I could have predicted every comment in my sleep. I think I could have written them underwater with my eyes closed and with my hands tied behind my back. I’ll save you the leg work of reading them yourself and just tell you the main themes: you are a quitter, you are selfish, you are young, stupid, and naïve, you will never know real love, every future relationship you have will fail, and my personal favorite: you didn’t try hard enough.
I have heard pretty much all these comments about me, and let me just say: it is very easy to forgive the ignorance and meanness of other people when you yourself are happy. When I posted my article, The Gift of Divorce, I braced myself for criticism. It remains one of my most read pieces, with people coming back each week to read it again. And most people who read it when I initially posted it knew me, so they either knew that the divorce was “right” for me or they didn’t feel the need to openly criticize me via Facebook or my blog. This piece did get shared though, and some who didn’t know me did comment on it and say, in a nutshell, all of the above. And guess what? I shrugged my shoulders and said, “that’s ok” and then moved on with my life. Because not everyone has to like that I’m happy. I don’t care if everyone thinks my current marriage will fall apart because my first one did. I just don’t. Call me a quitter, call me selfish, call me young, stupid, and naïve. If I had to do it all over again to get where I am today, I would do it in a heartbeat, no questions asked.
I thought about doing a snarky bulleted “Top 10 Things I Have Learned About Other People’s Insecurities From Reading Comments on Blogs” article or doing a solid logical refuting of each claim that the commenters make on this piece. But instead, I will boil it down to one sentence. You may think you know what is happening inside a relationship, but you probably have no idea. And one more sentence: If you think a stranger’s divorce has any bearing on YOUR personal relationships, we need to have a conversation on boundaries. Probably with a therapist. And one more: Be very careful with your “I would never!” judgments.
We really have no idea what goes on in the heart of many relationships. It may be the marriage of a complete stranger, or your own parents, or your best friend. You don’t know everything. Trust me, you don’t. It takes two people to get married, but it only takes ONE person to get divorced. Yes, I may be committed to marriage until the day I die, come hell or high water, but if my husband changes his mind one day – guess what? That divorce is still happening, like it or not.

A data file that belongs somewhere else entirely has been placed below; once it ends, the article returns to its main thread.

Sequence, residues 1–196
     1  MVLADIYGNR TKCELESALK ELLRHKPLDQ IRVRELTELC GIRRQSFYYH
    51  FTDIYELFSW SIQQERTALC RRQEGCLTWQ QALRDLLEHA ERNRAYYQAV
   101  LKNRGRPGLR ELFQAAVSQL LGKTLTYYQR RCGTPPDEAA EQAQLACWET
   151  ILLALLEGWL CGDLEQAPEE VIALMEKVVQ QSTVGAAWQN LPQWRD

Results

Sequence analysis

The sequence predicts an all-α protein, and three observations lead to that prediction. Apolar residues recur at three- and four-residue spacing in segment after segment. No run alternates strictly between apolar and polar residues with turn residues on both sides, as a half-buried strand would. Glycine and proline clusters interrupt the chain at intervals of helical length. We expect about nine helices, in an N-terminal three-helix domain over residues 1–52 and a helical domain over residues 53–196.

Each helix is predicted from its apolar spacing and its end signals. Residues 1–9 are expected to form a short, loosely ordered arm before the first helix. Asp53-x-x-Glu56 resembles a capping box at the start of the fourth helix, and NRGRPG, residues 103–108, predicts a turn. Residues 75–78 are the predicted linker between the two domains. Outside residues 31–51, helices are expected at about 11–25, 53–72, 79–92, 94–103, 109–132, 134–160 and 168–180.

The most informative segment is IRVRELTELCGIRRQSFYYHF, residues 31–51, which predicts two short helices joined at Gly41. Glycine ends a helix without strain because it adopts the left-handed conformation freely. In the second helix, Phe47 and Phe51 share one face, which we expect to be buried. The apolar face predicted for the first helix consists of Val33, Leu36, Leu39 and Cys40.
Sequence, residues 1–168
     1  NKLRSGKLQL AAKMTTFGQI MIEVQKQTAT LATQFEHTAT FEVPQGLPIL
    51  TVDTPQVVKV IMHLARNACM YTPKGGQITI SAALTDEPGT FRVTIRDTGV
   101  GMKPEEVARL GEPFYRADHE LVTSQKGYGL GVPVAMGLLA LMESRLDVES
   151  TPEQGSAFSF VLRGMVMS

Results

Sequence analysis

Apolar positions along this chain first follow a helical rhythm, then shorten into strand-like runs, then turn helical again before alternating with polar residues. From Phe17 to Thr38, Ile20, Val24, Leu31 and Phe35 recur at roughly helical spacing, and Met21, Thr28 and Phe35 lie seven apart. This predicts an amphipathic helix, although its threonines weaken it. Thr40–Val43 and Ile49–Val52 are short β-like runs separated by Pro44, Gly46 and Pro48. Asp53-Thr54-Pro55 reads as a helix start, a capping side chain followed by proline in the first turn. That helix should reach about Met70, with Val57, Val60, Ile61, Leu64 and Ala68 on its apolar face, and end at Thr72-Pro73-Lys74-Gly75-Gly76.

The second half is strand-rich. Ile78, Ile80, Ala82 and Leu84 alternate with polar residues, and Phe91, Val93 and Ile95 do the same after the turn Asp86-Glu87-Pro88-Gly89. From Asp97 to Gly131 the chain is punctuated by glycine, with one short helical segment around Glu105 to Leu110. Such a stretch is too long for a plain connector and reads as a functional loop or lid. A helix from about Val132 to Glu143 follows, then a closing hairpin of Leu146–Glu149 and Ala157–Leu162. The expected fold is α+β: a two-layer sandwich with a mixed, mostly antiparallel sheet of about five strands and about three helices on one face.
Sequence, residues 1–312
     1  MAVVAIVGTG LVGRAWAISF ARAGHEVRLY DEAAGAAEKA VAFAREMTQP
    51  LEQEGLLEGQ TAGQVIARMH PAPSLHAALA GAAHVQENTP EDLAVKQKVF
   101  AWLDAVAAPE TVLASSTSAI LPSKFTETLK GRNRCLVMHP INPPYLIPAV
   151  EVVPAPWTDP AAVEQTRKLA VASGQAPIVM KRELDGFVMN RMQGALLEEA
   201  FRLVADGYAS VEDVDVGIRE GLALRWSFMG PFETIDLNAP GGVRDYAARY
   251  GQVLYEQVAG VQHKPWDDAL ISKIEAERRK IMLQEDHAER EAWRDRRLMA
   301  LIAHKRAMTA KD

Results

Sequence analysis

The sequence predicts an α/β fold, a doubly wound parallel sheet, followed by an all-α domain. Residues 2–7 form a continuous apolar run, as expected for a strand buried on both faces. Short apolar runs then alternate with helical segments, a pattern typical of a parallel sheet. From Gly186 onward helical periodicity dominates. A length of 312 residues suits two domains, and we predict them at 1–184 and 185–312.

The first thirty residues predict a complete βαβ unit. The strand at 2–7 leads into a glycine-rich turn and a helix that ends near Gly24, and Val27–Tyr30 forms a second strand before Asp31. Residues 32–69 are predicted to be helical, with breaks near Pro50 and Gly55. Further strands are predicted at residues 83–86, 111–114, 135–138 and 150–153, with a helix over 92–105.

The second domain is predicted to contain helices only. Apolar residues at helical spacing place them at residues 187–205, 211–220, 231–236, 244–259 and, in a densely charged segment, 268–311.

We don’t know if inside that “perfect” couple there is an addict. Or domestic abuse. Or infidelity. Or mental illness. Or infertility. Or massive amounts of lying. Or illegal activity. Or child abuse. Or secrets so dark you don’t even want to know. We. Don’t. Know.
We don’t know if the woman who wrote this article tried EVERYTHING under the sun. From therapy to church to retreats to workshops to self-help books to begging and pleading and giving up her own dreams and compromising and forgiving again and again and again and showing only love. We don’t know if her husband did the same things. If they did all these things TOGETHER. We. Don’t. Know.
And does it matter if we do know? Does it matter if she was just really young and in love and took a chance and it was wrong and they tried and then finally made the decision to choose divorce? Is that any of our business? Does the way she handled her personal relationship have any bearing on our own relationships? Does it matter if she thinks her next marriage will be different and then it isn’t? If she chooses to have a thousand marriages that last for 15 days each, is that ruining your life? If so, I strongly suggest some counseling. Contrary to popular belief, most people do not choose divorce just to piss off strangers of the internet.
I have spent years working on becoming a much more open-minded person. I have learned time and time again that when you judge someone or start a sentence to your best friend with “I would NEVER _____” (fill in the blank with something you were judging another person for doing), you are probably definitely going to be doing that thing somewhere down the road. The universe is cute like that.
We are given ONE short life here on this planet. One beautiful, painful, scary, exciting, wild life. It is far, far too short to spend judging and far, far too short to spend miserable. Far too short to spend in fear. Let’s stop pretending we know all the answers. Let’s stop trying to convince others that we know all the answers. That’s exactly what makes life beautiful, the things that surprise us and cause us to re-think everything that came before it.
“It is impossible to live without failing at something. Unless you live so cautiously that you might as well not have lived at all – in which case, you fail by default.” – J.K. Rowling